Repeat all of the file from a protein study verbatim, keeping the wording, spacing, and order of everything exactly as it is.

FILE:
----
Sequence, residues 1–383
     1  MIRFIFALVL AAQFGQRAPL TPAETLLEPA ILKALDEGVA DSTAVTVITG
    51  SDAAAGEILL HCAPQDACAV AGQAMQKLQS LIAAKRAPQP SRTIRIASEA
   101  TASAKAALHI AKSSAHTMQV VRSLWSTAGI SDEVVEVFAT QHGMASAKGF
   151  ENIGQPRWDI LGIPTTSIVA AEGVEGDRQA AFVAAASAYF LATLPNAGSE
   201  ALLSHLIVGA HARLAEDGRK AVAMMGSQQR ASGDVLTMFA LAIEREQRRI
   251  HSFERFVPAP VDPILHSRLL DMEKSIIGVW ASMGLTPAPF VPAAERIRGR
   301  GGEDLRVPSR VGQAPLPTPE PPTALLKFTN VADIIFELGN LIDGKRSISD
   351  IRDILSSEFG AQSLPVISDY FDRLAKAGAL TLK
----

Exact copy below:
Sequence, residues 1–383
     1  MIRFIFALVL AAQFGQRAPL TPAETLLEPA ILKALDEGVA DSTAVTVITG
    51  SDAAAGEILL HCAPQDACAV AGQAMQKLQS LIAAKRAPQP SRTIRIASEA
   101  TASAKAALHI AKSSAHTMQV VRSLWSTAGI SDEVVEVFAT QHGMASAKGF
   151  ENIGQPRWDI LGIPTTSIVA AEGVEGDRQA AFVAAASAYF LATLPNAGSE
   201  ALLSHLIVGA HARLAEDGRK AVAMMGSQQR ASGDVLTMFA LAIEREQRRI
   251  HSFERFVPAP VDPILHSRLL DMEKSIIGVW ASMGLTPAPF VPAAERIRGR
   301  GGEDLRVPSR VGQAPLPTPE PPTALLKFTN VADIIFELGN LIDGKRSISD
   351  IRDILSSEFG AQSLPVISDY FDRLAKAGAL TLK